Grant Park Renovation Plans Go Underground

North Grant Park replacement plans

The latest plans for replacing the northern portion of Grant Park are on display.  Large display panels went up on the Pedway level of Block37 last night, allowing people who normally aren’t able to attend the Grant Park meetings to see what’s coming.

This is part of the Chicago Park District’s attempt to let people know what’s going on before it surprises and angers them, and to solicit more public input.  An estimated 40,000 use the connector between the CTA Red and Blue lines at Jackson each day, and it would not be surprising to learn that the same number ply this piece of Pedway as well.

More importantly, it was nice to see WLS-TV down there, taking an interest in news in the city other than murders and restaurant reviews.  WBBM-TV has been to previous North Grant Park events, and likely attended this one as well, since it’s in the same building, and does a good job of covering news in its city of license.  WGN-TV ran a quick video clip that looked like it was shot by a stringer (meaning the station, itself, couldn’t be bothered to go), and provided zero information.

This is at least the third revision to the North Grant Park plan, which has been the subject of public meetings for the last couple of years. The drawings on the boards don’t look all that much different from what we’ve seen in the past, which hopefully means that the plans are firming up, and just in the nick of time, as construction is due to begin in the next couple of months.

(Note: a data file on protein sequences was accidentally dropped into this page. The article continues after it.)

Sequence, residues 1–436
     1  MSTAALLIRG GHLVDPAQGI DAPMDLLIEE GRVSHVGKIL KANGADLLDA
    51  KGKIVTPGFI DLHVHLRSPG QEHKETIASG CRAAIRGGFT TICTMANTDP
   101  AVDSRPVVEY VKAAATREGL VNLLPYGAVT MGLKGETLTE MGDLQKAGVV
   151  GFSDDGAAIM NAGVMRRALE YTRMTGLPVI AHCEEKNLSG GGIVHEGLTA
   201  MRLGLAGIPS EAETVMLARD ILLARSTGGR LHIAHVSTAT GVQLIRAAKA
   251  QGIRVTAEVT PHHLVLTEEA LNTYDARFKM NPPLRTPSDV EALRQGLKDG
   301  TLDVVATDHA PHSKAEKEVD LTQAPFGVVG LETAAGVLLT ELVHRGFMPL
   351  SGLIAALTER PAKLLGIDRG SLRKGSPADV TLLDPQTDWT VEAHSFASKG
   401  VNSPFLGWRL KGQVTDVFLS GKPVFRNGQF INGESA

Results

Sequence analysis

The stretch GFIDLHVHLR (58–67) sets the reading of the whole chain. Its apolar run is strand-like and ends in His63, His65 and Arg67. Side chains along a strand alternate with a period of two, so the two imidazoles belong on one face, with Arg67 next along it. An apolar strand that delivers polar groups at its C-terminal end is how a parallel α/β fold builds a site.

For more information on the project, check out our previous coverage, or just enjoy the latest batch of pictures in the gallery below.

Previous coverage:


Author: Editor

Editor founded the Chicago Architecture Blog in 2003, after a long career in journalism. He can be reached at

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  1. I was there yesterday as well! looks very promising-

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    • Editor

      Unfortunately, change is difficult for a lot of people, and there is a very vocal minority against this project. They’re used to the old method of urban landscaping, which is very European and traditional, and hasn’t changed in 400 years. This is a chance for the Park District to do its first large-scale modern park residential park (Millennium is for tourists in both design and use). Based on the success of its small-scale attempts (Adams and Sangamon Park, and others), I think this could be really well done.

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  2. The current playground is very popular with swings, slides, and allows parents to enjoy the fun with young children. The new children’s playground is gimmicky, and will not allow the kids to run and play. It looks like a series of
    programmed displays which kids will tire of quickly.

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